Essay, Pages 3 (593 words)
Hammond was responsible for getting Billie Holiday to record with an up and coming musician band leader Benny Goodman. They recorded many tracks together like Billie’s first “Your Mother’s Son-In-Law” and “Riffin’ the Scotch. In 1935, Holiday’s singing career got a big push when she landed a recording contract after singing some popular hits like “What a Little Moonlight Can Do” and “Miss Brown to You. ” She recorded numerous master tracks that ultimately became the foundation of early American jazz.
Later in 1937, Holiday joined Count Basie followed by Artie Shaw in 1938. Billie Holiday became one of the first black women to accompany a white orchestra; this was a very impressive accomplishment of her time. Holiday started performing at the New York Cafe Society.
It was here that she started to develop her signature stage trademarks such as wearing gardenias in her hair and singing with her head tilted back. During the 1930’s while Billie Holiday was working with Columbia Records she was introduced to a poem called “Strange Fruit written by Abel Meeropol” “Strange Fruit” was an emotional piece about the lynching of a black man.
Columbia Records would not allow Holiday to record this piece because of its sensitive subject matter. However, Billie Holiday decided to record the piece under an alternative label, Commodore.
The Commodore Master Takes Billie Holiday; “Strange Fruit” piece last for 3:13, with the first 1:10 with presence of the orchestra only. A trumpet, saxophone and piano are the main sounds that are heard. Starting at 0:30 the piano is the only instrument that plays.
The piano plays a soft tune that doesn’t seem neither lively nor dull. At 1:11-1:40 Billie holiday sings the first phase of the poem. Her voice is remarkably clear with pronunciation of every word. 1:41 Billie Holiday takes a rest and the piano continues with a solo.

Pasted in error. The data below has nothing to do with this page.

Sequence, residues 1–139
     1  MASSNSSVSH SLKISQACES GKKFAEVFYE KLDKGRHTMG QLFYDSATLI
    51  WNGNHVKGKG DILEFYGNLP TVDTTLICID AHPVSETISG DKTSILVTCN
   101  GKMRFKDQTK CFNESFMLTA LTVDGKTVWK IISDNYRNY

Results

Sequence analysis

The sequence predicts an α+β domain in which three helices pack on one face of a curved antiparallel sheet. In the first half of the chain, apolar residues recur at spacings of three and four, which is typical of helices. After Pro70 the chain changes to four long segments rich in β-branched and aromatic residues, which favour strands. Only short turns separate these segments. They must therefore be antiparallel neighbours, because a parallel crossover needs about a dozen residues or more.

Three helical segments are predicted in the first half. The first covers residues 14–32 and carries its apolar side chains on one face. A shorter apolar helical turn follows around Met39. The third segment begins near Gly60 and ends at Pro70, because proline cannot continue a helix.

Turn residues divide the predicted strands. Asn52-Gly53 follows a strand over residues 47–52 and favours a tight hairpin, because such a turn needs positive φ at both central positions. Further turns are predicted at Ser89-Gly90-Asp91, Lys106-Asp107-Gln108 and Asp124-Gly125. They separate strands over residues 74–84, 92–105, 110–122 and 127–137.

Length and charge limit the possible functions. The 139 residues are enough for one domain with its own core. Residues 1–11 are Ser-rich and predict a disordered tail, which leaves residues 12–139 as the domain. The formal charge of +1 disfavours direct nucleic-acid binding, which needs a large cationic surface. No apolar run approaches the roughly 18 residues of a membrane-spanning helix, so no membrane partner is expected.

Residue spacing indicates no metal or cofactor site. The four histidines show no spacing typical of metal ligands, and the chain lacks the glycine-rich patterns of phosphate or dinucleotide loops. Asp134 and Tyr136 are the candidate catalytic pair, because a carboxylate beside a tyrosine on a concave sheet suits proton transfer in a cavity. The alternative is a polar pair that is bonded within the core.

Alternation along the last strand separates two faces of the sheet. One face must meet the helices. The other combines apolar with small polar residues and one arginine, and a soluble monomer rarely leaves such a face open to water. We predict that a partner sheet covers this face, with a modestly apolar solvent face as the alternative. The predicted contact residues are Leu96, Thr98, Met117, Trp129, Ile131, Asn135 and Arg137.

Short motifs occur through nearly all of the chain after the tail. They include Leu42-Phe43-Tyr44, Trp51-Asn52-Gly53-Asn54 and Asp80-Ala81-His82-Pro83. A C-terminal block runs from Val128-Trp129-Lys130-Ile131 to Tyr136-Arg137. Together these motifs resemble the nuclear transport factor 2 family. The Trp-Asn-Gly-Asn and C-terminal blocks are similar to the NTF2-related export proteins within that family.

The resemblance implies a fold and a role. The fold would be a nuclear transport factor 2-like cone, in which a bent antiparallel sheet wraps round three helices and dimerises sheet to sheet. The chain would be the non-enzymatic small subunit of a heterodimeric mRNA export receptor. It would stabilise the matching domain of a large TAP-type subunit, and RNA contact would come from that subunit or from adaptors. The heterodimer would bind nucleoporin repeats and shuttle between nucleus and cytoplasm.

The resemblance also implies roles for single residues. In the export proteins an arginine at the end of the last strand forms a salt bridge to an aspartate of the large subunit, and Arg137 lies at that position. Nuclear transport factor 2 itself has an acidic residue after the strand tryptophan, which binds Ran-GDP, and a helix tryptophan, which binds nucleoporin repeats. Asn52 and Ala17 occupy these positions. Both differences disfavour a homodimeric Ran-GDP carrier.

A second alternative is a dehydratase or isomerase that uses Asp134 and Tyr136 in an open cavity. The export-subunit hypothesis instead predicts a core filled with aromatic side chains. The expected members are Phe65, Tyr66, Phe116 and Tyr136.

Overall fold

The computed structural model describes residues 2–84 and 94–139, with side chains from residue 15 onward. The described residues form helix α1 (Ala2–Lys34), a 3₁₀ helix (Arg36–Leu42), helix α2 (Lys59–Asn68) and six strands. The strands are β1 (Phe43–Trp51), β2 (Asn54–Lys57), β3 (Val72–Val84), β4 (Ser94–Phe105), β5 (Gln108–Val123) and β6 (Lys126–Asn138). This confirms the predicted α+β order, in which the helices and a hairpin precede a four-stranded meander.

At 1:50 Billie joins the piece once again to finish with the rest of the lyrics. Her voice has become more intense since the first verse. It’s obvious that the lyrics have become dark and more emotional. The piano mimics the same theme. At 2:35 Billie Holiday’s Voice has become very loud and seems to crescendo with each word. It all comes to a soft end right before the last word. The word “crop” is the last word and it’s sung very loudly and too almost the point not being distinguished. Southern trees bear a strange fruit,
Blood on the leaves and blood at the root, Black body swinging in the southern breeze, Strange fruit hanging from the poplar trees, Pastoral Scene of the gallant south, The bulging eyes and the twisted mouth, Scent of magnolia sweet and fresh, And the sudden smell of burning flesh! Here is a fruit for the crows to pluck, For the rain to gather, for the wind to suck, For the sun to rot, for a tree to drop, Here is a strange and bitter crop. Billie Holiday sang these words and regretted it- at least momentarily.
As she wrote in her book “There wasn’t even a patter of applause when I finished, and then a lone person began to clap nervously. Then suddenly everybody was clapping. ” From this day forward “Strange Fruit” became a nightly ritual for her. The haunting lyrics and melody made it impossible for white Americans and politicians to continue to ignore the southern campaign of racist terror. When Holiday performed her rendition of “Strange Fruit” she would moan the singing of black bodies as if it was the metaphor for fruit.